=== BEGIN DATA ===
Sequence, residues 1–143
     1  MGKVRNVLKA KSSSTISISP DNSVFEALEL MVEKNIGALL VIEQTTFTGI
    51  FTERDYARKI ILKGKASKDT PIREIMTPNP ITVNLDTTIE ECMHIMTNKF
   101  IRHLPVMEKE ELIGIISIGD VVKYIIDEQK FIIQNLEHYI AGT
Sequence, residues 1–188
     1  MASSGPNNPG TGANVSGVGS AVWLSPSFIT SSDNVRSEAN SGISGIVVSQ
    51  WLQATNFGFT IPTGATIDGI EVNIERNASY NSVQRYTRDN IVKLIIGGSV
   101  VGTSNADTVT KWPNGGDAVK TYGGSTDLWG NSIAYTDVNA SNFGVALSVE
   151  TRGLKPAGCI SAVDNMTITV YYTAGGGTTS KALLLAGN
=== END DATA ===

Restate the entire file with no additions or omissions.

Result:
Sequence, residues 1–143
     1  MGKVRNVLKA KSSSTISISP DNSVFEALEL MVEKNIGALL VIEQTTFTGI
    51  FTERDYARKI ILKGKASKDT PIREIMTPNP ITVNLDTTIE ECMHIMTNKF
   101  IRHLPVMEKE ELIGIISIGD VVKYIIDEQK FIIQNLEHYI AGT
Sequence, residues 1–188
     1  MASSGPNNPG TGANVSGVGS AVWLSPSFIT SSDNVRSEAN SGISGIVVSQ
    51  WLQATNFGFT IPTGATIDGI EVNIERNASY NSVQRYTRDN IVKLIIGGSV
   101  VGTSNADTVT KWPNGGDAVK TYGGSTDLWG NSIAYTDVNA SNFGVALSVE
   151  TRGLKPAGCI SAVDNMTITV YYTAGGGTTS KALLLAGN